I went home from work one evening last week and told Cyndy, “I had the best afternoon. I was doing what I love and, I don’t mean to brag, but I did it really well.” I suspect you’ve had days like that. Things just flow. You’re in the zone. It feels like there’s an alignment between who we are, the energies and values that drive our life, and what we’re doing. Everything is just right. When has that happened to you? And what did it show or tell you about yourself and your life?
Then there’s those other times. Last Sunday I told you about my whining. There was no flow or alignment. Everything was out of sync for me. I suspect you’ve had days like that too. There’s no driving energy or passion, we’ve lost our wholeheartedness, and we wonder if this is really all there is to our life. When has that happened to you? And what did it show or tell you about yourself and your life?
And then there’s those other other times when we look back on something we’ve said or done and ask ourselves, “Where did that come from? Why did I do that? Is that really who I am and how I want to be?” They are those times when old hurts, archaic fears, childhood voices, or ingrained patterns take over and possess us before we know it. When has that happened to you? And what did it show or tell you about yourself and your life?
Behind each of those situations are questions about who we are and what our life is about. I think that’s what Jesus is responding to in today’s gospel (Luke 4:14-21). And I think it’s always a work in progress, even for Jesus. Wasn’t he still wrestling with those two questions in his conversations with the Syrophoenician woman and in the Garden of Gethsemane?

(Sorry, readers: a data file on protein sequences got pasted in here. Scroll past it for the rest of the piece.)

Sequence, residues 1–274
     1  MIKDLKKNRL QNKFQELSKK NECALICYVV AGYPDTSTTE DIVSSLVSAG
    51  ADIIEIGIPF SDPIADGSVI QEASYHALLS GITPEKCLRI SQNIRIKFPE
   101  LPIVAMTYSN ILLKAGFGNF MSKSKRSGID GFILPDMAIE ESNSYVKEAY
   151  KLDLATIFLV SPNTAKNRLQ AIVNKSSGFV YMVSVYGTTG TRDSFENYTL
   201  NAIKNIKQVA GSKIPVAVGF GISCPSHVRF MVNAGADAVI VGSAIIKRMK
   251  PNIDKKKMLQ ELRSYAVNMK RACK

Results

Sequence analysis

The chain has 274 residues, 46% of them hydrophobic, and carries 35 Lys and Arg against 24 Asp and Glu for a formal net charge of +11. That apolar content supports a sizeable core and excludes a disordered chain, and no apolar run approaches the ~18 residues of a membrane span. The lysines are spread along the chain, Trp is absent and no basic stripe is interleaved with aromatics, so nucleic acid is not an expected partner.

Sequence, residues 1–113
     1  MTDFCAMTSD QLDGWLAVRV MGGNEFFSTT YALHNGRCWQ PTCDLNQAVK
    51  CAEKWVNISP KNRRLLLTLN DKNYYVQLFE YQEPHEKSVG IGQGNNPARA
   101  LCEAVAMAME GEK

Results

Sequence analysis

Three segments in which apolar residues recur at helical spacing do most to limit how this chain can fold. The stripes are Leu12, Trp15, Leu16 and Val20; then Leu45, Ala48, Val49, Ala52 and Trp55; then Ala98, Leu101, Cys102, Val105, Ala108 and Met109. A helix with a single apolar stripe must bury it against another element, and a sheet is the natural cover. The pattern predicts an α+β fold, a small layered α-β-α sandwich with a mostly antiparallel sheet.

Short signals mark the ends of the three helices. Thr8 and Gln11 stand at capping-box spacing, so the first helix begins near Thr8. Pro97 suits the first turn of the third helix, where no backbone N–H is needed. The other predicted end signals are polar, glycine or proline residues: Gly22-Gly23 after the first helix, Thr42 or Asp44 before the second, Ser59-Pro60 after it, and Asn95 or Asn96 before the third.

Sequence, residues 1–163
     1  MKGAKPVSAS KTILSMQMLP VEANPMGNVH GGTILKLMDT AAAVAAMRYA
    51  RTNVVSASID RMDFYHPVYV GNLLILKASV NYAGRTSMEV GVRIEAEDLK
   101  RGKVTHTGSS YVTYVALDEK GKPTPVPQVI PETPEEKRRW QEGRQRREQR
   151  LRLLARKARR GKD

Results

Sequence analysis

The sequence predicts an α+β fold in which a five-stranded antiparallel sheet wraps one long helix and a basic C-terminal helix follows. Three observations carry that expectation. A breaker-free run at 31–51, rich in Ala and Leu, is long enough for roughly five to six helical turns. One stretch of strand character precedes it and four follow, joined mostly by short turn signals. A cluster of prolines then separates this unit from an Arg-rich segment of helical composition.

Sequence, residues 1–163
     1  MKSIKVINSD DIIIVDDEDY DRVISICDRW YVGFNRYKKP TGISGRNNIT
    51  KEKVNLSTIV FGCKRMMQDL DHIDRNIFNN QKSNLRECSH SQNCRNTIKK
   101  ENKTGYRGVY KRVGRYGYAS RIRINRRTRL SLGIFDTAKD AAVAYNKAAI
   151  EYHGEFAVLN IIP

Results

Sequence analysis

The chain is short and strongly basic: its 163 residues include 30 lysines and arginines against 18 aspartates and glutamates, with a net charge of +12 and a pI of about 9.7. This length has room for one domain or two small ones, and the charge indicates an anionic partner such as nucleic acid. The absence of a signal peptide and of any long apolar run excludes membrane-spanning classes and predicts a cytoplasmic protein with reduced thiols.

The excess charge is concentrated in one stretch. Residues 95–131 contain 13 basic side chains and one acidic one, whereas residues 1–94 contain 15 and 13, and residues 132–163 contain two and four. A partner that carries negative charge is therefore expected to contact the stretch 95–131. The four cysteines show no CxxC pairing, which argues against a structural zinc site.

Those questions about who we are and what our life is about aren’t so much questions to be answered as to be lived. Chances are your answers to those questions today are not what they were thirty years ago, ten years ago, or even two years ago.
Think about what’s happened for Jesus. He’s been baptized and he heard a voice say. “You are my Son, the Beloved; with you I am well pleased.” Then he went to the wilderness where for forty days he was tempted and ate nothing. I see those two experiences as images or metaphors for love and suffering. Love and suffering are the two great teachers in all our lives. They are the two things that have the power to get our attention, make us a bit more self-reflective, and change our lives. They have the power to shape and form our lives in ways other things or experiences do not.
In today’s gospel Jesus has returned to Nazareth, the town where he grew up, to the synagogue where he worshipped as a child, and to the people who know him. He takes and unrolls the scroll of the Prophet Isaiah and reads:
“The Spirit of the Lord is upon me, because he has anointed me to bring good news to the poor. He has sent me to proclaim release to the captives and recovery of sight to the blind, to let the oppressed go free, to proclaim the year of the Lord’s favor.”
And then he announces, “Today this scripture has been fulfilled in your hearing.”
But here’s what I wonder. Is Jesus the only one anointed to fulfill the words of scripture? What about you and me? Might we not also be anointed to do that?